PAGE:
DEAR ABBY: I'm writing this for the couple who questioned the bar bill from their wedding. The caterer claimed they had served seven drinks per person.
I attended an elaborate wedding. I am diabetic, can't drink alcohol and have a bad foot, so dancing was out. I spent the entire evening at the table while everyone else danced. Each time guests returned to our table, a server would take new drink orders. After a few sips, the couples would head back to the dance floor. The server would then clear the drinks from the table. Abby, some of the guests had taken only one sip.
I told the server the people would be coming back to the table. She replied that she was instructed by the bartender to remove all drinks when people were not at the table. I'm sure that's the reason the bar bill was so high for the physician's wedding. -- OBSERVER FROM NORTH CAROLINA
DEAR OBSERVER: You could be right. Thank you for an eyebrow-raiser of a letter. Read on:
DEAR ABBY: Years ago when I organized functions featuring a hosted bar at high-end hotels, I noticed that as the events drew to a close, the barmen would crack the seals on several bottles of the good stuff. We would then be charged for the open bottles. Presumably, the barmen and their friends would have an extremely pleasant evening -- and be credited with ringing up additional revenue for the hotel. Seven drinks per guest wouldn't be out of the ballpark.
Once I discovered this game, I made a point of monitoring the barmen more closely. I instructed them not to break any seals during the last half-hour of the function and to collect opened bottles before the barmen left. After each event, we used the remaining liquor to throw a thank-you party for the secretarial and administrative staff who had helped to organize the function but hadn't been able to attend, a gesture that was much appreciated.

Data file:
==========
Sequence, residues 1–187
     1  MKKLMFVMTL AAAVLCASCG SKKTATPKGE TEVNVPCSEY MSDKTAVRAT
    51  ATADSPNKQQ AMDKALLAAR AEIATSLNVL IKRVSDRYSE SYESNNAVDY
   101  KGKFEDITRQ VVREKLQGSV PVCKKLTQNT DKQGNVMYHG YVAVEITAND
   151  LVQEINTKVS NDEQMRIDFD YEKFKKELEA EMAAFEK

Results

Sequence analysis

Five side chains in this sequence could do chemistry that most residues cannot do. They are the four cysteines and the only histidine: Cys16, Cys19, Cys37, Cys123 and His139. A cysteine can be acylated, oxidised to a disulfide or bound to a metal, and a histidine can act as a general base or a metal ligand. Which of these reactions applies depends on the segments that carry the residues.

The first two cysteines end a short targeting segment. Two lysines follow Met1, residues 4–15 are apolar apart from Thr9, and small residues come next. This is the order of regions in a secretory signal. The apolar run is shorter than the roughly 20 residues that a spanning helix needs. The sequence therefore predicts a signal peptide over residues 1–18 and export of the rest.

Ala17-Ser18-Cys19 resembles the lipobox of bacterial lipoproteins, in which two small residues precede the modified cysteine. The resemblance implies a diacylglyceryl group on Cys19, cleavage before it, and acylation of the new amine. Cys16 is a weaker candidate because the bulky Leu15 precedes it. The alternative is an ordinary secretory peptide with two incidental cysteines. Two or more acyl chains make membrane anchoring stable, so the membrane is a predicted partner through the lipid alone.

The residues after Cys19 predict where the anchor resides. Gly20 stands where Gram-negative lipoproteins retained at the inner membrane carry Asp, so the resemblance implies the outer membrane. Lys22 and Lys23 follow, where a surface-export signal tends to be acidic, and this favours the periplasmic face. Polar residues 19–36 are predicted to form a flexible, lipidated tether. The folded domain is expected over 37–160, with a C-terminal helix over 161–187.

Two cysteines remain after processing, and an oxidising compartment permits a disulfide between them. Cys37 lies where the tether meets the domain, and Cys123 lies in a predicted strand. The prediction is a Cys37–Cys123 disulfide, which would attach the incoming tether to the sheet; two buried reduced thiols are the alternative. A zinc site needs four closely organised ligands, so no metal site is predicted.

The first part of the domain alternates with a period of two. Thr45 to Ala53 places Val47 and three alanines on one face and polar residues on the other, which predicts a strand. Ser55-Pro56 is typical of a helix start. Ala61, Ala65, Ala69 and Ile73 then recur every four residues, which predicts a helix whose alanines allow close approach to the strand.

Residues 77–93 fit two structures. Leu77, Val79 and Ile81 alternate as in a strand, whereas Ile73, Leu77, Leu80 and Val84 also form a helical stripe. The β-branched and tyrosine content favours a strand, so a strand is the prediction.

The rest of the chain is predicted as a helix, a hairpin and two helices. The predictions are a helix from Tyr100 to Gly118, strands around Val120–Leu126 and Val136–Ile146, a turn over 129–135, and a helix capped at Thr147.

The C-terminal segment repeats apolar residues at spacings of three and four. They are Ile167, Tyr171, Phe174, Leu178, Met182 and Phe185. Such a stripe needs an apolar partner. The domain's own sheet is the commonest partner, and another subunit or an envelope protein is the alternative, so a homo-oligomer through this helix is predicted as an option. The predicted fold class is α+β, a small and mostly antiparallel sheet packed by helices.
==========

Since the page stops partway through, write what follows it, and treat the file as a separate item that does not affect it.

I can understand the sticker shock. The host probably paid for numerous full but "opened" bottles. -- KENNETH B., CLAREMONT, CALIF.
DEAR KENNETH B.: What you are describing is fraud and the exception to the rule in the hospitality industry. But thank you for the warning. Read on:
DEAR ABBY: As "social director" for the firm I work for, I have encountered many instances of caterers inflating a liquor bill, or guests from other parties crashing our open bar.
While it's highly unusual, I don't blame the couple at all for double-checking on their guests' consumption. Seven alcoholic drinks per person is certainly questionable. Could the man and his wife have consumed seven drinks each and driven home? I think not! And I can't imagine other guests making up the difference -- unless they all had to be carried home.
I applaud the couple's refusal to assume the bill was correct. I'm sure they struggled with the decision to contact their guests, but considering they were talking about a bar bill of approximately $3,500 for 100 people, how can anyone blame them for not wanting to pay for a caterer's or bartender's mistake? -- NO LONGER RIPPED OFF IN ATLANTA
DEAR NO LONGER RIPPED OFF: While I agree with you, it was clear from the signature ("Appalled") that the writer was very put off by the host's request. Personally, I always double-check my bills, because they sometimes contain errors. And darn it, I have yet to see one that's in my favor.